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I get banding artifacts when using displacement (the output node one, not the modifier, and it is set to "Bump", not "True") in Cycles.

At first I used a 8-bit greyscale texture and I expected to get banding, but then I blurred the texture in the Compositor and saved the result as a full-float .exr file. I then replaced the 8-bit texture with the .exr file. So it should have more than enough information to avoid banding and the blurring should also have at least reduced the sharpness of the banding, if not completely removed it because the steps were pretty close together.


Note: I made a mistake creating the texture, which makes the question unnecessary. Sorry.


That doesn't happen though, and I'm wondering why that is and if anyone has a solution for this. Here I found a similar problem, but there the question is how to save .exr-files. That's not my problem.

Also, this answer could be relevant but I don't find those settings for a texture that is used as a node inside of a cycles material. I also think the problem there is slightly different because the modifier behaves differently.

This is an example of what the result looks like:

enter image description here

Thanks for any help.

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  • $\begingroup$ I'm pretty sure that all you did was save the noise with more precision. It does look blurred though. $\endgroup$ Jun 11 '14 at 10:50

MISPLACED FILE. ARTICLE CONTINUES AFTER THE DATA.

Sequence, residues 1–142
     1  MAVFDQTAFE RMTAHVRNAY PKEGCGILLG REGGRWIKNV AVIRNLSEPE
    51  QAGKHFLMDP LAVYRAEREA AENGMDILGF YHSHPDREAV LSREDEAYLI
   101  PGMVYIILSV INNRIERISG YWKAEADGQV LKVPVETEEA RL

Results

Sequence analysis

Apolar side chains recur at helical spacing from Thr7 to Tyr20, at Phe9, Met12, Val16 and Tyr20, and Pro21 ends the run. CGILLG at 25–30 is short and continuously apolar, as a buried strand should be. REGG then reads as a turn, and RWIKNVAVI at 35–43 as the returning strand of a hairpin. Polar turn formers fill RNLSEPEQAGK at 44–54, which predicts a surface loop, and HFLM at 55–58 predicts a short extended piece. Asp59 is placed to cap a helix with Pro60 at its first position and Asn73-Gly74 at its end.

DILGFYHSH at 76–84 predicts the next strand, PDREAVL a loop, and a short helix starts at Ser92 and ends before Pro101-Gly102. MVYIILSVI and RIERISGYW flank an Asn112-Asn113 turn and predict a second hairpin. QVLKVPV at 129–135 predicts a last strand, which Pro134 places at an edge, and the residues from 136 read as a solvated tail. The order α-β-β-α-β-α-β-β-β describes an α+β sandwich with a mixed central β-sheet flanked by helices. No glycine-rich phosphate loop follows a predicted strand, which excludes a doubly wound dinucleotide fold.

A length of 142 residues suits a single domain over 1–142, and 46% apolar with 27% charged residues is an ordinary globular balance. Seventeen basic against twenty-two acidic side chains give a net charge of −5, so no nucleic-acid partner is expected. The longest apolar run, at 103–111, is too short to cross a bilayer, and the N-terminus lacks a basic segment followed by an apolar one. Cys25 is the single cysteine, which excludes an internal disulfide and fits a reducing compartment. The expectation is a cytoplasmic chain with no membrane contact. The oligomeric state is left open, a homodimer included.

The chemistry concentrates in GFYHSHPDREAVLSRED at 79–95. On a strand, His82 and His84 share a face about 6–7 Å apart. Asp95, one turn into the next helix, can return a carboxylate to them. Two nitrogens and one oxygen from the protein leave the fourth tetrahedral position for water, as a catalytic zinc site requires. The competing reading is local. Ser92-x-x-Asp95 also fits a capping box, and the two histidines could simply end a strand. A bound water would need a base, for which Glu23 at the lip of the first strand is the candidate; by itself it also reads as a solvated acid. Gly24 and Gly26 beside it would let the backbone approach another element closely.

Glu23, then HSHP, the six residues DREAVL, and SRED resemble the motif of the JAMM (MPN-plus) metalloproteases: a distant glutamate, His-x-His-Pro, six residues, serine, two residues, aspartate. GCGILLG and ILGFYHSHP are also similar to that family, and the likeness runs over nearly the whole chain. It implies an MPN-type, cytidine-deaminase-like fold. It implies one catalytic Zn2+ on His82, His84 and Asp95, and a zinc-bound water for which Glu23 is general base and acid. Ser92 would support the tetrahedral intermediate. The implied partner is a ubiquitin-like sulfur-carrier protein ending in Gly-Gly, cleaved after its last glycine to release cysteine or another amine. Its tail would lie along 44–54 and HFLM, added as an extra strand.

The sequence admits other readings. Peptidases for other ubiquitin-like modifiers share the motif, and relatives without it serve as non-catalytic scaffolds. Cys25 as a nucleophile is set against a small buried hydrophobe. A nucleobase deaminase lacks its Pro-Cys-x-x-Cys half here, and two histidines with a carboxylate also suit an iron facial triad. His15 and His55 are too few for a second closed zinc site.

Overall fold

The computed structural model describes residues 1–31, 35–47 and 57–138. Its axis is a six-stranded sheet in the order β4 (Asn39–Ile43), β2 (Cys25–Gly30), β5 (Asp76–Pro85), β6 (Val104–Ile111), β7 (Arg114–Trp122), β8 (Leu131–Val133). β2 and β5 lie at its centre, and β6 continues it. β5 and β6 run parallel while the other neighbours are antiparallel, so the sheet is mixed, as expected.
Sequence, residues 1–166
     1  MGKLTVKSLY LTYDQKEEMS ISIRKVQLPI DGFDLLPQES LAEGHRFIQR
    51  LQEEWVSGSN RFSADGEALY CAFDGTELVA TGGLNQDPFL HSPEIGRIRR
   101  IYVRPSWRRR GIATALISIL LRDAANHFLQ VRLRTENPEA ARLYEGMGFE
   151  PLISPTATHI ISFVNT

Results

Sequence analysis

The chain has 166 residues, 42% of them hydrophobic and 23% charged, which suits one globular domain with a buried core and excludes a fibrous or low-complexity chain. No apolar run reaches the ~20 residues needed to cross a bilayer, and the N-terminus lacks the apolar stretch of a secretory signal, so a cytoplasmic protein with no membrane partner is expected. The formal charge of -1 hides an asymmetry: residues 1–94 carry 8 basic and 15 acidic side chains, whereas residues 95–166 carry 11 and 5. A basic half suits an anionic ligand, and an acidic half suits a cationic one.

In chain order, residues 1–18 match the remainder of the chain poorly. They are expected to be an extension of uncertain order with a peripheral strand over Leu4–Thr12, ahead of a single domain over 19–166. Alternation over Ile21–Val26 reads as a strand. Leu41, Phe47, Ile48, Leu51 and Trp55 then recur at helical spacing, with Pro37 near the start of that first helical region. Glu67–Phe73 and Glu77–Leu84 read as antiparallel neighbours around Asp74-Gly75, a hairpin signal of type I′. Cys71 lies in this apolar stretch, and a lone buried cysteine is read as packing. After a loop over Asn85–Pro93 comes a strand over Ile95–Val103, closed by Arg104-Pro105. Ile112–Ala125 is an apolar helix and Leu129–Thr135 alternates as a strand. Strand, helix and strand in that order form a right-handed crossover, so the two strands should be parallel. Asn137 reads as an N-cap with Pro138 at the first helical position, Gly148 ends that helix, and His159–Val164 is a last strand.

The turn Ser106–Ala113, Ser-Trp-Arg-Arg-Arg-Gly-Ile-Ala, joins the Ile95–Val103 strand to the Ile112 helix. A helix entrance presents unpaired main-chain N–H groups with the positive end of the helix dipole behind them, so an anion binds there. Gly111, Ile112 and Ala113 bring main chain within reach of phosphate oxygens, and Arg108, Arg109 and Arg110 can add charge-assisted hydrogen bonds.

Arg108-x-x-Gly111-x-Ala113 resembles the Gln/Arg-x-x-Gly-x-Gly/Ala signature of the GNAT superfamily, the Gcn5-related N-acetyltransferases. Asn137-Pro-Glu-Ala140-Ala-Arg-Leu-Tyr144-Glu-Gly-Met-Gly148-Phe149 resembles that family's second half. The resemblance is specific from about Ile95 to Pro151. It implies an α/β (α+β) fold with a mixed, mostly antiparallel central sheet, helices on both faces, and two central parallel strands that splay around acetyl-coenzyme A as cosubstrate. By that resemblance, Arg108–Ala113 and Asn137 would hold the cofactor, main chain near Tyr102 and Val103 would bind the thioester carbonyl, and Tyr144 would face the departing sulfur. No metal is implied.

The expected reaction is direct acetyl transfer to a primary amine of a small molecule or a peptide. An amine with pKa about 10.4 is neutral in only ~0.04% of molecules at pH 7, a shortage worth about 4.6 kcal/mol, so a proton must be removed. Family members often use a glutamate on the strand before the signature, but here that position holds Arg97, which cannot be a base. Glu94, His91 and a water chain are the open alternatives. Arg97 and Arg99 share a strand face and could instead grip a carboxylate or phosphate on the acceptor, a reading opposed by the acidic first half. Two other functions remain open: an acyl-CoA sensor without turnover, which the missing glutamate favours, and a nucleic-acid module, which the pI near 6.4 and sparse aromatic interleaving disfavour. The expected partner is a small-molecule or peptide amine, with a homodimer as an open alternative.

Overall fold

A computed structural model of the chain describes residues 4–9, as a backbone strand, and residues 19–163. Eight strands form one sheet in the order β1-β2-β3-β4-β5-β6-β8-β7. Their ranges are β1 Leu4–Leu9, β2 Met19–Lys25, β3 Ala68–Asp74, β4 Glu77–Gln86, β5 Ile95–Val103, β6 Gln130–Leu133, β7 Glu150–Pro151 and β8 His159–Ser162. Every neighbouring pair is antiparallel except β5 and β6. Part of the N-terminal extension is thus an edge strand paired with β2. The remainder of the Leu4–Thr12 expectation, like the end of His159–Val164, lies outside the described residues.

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    $\begingroup$ perhaps try save it as a 32-bit image, then reopen that and blur it, and save it again. The problem could be that the blurring function is working with an 8-bit and thus outputs and 8-bit, and saving it as 32-bit is doing nothing at all. $\endgroup$
    – Greg Zaal
    Jun 11 '14 at 13:37
  • $\begingroup$ Greg Zaal: This would make sense, and although I can't reproduce that happening, something like that seems to have happened. Definitely a user error in creating the texture. Thanks. $\endgroup$
    – JulianHzg
    Jun 11 '14 at 15:11
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I'm pretty sure that all you did was save the noise with more precision. I think if you blurred it enough to get rid of the noise then you will have nothing but a wavy cloud of a displacement.

Try to make your depth map using blender modeling/render tools, and then use that result for Displace.

Here's a set-up that I found on a BlenderArtists.org thread that should help you along. If you have any questions please ask. I'll update my answer tomorrow with a bit more detail on how this works. I just thought I could get you started with this little bit for now.

Once you have the setup right, you can just do a camera render and save it as an .exr, that will be your high-precision displacement map.

enter image description here

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  • $\begingroup$ I know how to bake a displacement map, the reason why I'm using an image texture for the displacement is because that is the form in which I have the information available. $\endgroup$
    – JulianHzg
    Jun 11 '14 at 14:20
  • $\begingroup$ Well, for anyone who ends up here and who does not already know this, I should also add that displacement textures should be changed to Non-Color type. This is the same for .exr normal maps. $\endgroup$ Jun 11 '14 at 18:35

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